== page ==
Ideas are everywhere. Last night I was recording the new episode of my podcast, Paura & Delirio, about the 2001 French movie Brotherhood of the Wolf, by Christophe Gans. And as we were chatting about the two leading ladies on the movie, my friend and partner in crime Lucy enthused about the blade-tipped fan used by Sylvia (Monica Bellucci), and we both lamented the fact that the main character at the end decides to go away with the pretty but rather insipid Marianne (Èmilie Dequenne) instead of accepting the offer to work as a secret agent for the Vatican teamed up with Sylvia.
And I pointed out I’d pay to watch a series of movies – or a good, high budget TV series – based on that concept.
Or, missing that, write it.
No, really, follow me…
Gregoire de Fronsac (portrayed in the movie by Samuel Le Bihan) is presented as a fop, a smartass and a libertine, but he’s actually an all-around badass.
He is a naturalist and a taxidermist, a hunter and a veteran of the Anglo-French war for Canada – where he rose through the ranks to a position as captain. He’s been to America and Africa. He knows savate (a French form of martial arts) and he’s at home with gun, musket, bow and arrows, and with twin short swords. Being a gentleman, he can also certainly hold his ground with a rapier. He’s a deft hand at sketching, he’s a good conversationalist, and a keen detective. Being a natural philosopher and an Illuminist, he’s all for rationality and finding solid proof. Does not believe in the supernatural, but is willing to investigate it.
Sylvia (no family name known, portrayed by Monica Bellucci) appears as a high-class prostitute of Italian origin, possibly Florentine.
In fact she’s the field agent of a particularly secret branch of the Vatican authorities – possibly some emanation of the Sant’Uffizio (the guys in charge of the Inquisition). She knows her poisons and drugs, is a consummate seductress (obviously) and handles with competence both daggers and combat fans. I would not discount her with a rapier, either. She’s the sort that will stab once or twice a dead body “just to make sure”, and she has no compunction when it comes to killing. Probably an expert in codes and ciphers, has access to a network of informers and “helpers”.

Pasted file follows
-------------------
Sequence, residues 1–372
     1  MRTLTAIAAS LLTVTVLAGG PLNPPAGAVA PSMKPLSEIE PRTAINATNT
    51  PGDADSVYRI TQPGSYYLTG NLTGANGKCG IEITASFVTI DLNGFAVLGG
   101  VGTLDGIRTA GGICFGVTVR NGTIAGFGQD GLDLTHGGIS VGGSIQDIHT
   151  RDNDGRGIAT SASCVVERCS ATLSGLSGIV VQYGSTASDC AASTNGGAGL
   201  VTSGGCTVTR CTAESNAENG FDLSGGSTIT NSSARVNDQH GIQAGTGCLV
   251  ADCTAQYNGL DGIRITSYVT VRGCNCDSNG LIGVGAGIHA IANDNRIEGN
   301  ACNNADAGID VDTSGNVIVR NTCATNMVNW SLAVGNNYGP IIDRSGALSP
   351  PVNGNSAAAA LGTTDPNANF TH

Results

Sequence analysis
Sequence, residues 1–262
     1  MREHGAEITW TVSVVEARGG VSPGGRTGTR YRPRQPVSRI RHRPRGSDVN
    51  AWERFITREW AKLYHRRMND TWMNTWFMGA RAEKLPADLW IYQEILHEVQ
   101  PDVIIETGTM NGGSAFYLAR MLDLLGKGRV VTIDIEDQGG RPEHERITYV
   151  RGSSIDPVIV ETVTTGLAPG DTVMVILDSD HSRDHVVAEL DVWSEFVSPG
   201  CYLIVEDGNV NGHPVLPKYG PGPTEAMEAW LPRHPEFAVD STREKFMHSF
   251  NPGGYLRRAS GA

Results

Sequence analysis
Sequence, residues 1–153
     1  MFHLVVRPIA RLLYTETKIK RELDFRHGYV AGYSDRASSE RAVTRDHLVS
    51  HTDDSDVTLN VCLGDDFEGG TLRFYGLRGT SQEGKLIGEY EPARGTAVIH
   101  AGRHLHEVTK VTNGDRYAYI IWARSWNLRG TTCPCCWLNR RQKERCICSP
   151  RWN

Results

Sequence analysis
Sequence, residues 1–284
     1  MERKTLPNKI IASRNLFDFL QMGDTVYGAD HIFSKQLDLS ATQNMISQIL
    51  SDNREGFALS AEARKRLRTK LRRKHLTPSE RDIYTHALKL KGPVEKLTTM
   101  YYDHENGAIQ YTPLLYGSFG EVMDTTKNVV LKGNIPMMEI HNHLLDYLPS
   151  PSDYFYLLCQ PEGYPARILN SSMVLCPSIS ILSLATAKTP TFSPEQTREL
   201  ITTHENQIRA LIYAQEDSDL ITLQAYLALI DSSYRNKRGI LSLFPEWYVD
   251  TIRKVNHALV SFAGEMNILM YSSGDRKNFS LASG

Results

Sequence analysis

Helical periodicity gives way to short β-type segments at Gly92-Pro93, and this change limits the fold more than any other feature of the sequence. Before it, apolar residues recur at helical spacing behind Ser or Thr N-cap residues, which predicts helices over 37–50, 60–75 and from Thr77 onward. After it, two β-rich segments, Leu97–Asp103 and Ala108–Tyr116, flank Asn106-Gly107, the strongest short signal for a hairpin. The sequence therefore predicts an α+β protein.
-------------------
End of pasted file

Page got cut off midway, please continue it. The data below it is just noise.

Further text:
Dresses preferentially in black and silver, because… hey, have you seen her?
She is most certainly NOT a damsel in distress.
Now imagine letting loose this duo in 18th century Europe (possibly with a quick jaunt to the Ottoman Empire or Russia sometimes), acting as troubleshooters where strange mysteries and conspiracies pop up. Missions from the Vatican, but also occasionally working on their own (especially when De Fronsac finds some weird mystery worth investigating).
They could move from the French Court to the criminal underground, and back. They could go places, meet people, and kill the bad guys.
Imagine, if you will, an 18th century crossover of The X Files and The Avengers (the Steed/Peel TV series).
So, tell me you would not watch the hell out of it.
Or, should someone (say, someone with my general look and tastes) write stories about these characters, tell me you would not read them.
And the point, of course, is always the same: I should simply stop sleeping.
A few six-packs of 36-hors-long days might also help.
But for starters, let me get some solid resource about 18th century Europe…